Bachmann also talked about U.S. oil reserves. “What Barack Obama has done is to lock up America’s energy reserves,” she said. “We’re the No. 1 energy-resource-rich nation in the world. We have more oil in three Western states in the form of shale oil than all the oil in Saudi Arabia.”
Oil companies have spent billions and several decades on the “vast shale oil deposits” in those three western states that she lists as exceeding Saudi Arabia’s reserves. So far that so-called shale oil has produced nothing because it isn’t oil. It’s a very low grade substance called kerogen which nature never got around to cooking into oil.
I also want to add a note that peak oil (some say "peak everything") will impact China's ability to have an investment led economy based forever expanding infrastructure. Add peak oil to the list of reasons China will slow, whether they like it or not.
Below is the script written by Senior Fellow Richard Heinberg for the presentation Post Carbon Institute would like to create for all the hundreds of concerned citizens out there who have asked us over the years for help in educating their neighbors, family, and friends about the end of the oil age. I've adapted the script a bit to include mention of my family, just as presenters will be able to adapt the content and images to reflect personal and community histories.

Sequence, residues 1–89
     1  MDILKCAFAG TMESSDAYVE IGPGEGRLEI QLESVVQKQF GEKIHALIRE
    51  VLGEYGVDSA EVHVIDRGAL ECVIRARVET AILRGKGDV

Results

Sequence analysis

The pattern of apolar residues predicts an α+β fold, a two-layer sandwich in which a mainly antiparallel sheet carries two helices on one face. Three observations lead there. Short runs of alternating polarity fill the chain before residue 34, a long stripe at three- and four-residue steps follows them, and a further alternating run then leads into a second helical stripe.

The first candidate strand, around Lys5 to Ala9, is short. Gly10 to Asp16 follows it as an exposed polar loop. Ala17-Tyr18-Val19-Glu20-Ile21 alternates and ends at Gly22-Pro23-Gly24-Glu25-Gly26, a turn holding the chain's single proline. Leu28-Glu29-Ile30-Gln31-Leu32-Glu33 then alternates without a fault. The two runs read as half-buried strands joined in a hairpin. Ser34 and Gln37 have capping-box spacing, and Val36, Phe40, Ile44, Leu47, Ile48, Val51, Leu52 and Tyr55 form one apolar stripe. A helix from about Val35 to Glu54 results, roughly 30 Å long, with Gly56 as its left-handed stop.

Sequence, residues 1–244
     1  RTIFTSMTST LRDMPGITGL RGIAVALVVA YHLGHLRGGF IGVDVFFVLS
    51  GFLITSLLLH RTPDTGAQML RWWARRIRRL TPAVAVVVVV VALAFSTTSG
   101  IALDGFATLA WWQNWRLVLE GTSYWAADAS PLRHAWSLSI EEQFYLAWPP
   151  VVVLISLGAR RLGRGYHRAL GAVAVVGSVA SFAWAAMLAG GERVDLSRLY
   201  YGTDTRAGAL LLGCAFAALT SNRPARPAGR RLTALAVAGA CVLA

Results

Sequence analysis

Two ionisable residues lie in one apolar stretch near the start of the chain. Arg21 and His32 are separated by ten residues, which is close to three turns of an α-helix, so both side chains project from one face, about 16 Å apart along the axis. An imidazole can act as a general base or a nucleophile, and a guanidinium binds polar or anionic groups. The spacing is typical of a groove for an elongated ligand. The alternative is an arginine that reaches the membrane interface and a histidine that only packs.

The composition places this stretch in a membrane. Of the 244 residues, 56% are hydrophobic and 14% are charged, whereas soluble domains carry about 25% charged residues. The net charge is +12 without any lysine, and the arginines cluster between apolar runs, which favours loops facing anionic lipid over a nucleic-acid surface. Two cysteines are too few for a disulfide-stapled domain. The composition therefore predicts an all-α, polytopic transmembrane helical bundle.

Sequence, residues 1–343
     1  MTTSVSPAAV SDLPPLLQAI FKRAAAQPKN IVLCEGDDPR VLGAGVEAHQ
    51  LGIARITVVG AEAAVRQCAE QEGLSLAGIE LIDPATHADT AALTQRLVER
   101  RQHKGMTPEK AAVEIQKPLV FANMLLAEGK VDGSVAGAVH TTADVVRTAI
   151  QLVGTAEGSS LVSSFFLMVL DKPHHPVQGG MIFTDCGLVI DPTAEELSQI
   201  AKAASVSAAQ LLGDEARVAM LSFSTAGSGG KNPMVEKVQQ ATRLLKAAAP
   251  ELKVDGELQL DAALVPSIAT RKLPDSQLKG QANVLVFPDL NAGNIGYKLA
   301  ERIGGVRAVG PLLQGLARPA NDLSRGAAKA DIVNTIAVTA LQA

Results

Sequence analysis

If you are armed with Schumacher’s distinction as your starting point, then the notion of sustainability or the lack of it is front-and-centre in your thinking. Use up nature’s bounty and that’s the end of your secondary production process. Conserve it and you get to stay in business, just as a firm that conserves its capital gets to stay in the game while one that runs through its capital goes bust. If we’d been smart, we would have used the oil discoveries of the 1970s to buy time to shift advanced economies to a sustainable platform. We weren’t smart and we ran through that part of nature’s bounty at a goodly clip.
Richard Heinberg has spent decades exploring how peak oil and other resource constraints will affect industrial societies. In his new book, The End of Growth, Heinberg argues that we seem to be at the point where resource limits prevent a return to growth. On the air, Heinberg explored what to do if nothing we can do will bring back a growing economy.